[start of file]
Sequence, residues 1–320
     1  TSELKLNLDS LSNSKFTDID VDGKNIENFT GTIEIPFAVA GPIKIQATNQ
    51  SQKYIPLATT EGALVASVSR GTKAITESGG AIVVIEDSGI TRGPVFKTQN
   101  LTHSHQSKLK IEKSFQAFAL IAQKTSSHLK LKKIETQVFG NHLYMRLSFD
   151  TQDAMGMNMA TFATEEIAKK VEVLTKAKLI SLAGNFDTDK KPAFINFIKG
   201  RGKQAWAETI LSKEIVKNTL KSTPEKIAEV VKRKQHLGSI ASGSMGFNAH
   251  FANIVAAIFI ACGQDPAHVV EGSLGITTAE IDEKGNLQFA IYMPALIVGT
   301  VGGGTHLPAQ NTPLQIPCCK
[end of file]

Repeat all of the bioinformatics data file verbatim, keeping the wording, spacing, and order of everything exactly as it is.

Sequence, residues 1–320
     1  TSELKLNLDS LSNSKFTDID VDGKNIENFT GTIEIPFAVA GPIKIQATNQ
    51  SQKYIPLATT EGALVASVSR GTKAITESGG AIVVIEDSGI TRGPVFKTQN
   101  LTHSHQSKLK IEKSFQAFAL IAQKTSSHLK LKKIETQVFG NHLYMRLSFD
   151  TQDAMGMNMA TFATEEIAKK VEVLTKAKLI SLAGNFDTDK KPAFINFIKG
   201  RGKQAWAETI LSKEIVKNTL KSTPEKIAEV VKRKQHLGSI ASGSMGFNAH
   251  FANIVAAIFI ACGQDPAHVV EGSLGITTAE IDEKGNLQFA IYMPALIVGT
   301  VGGGTHLPAQ NTPLQIPCCK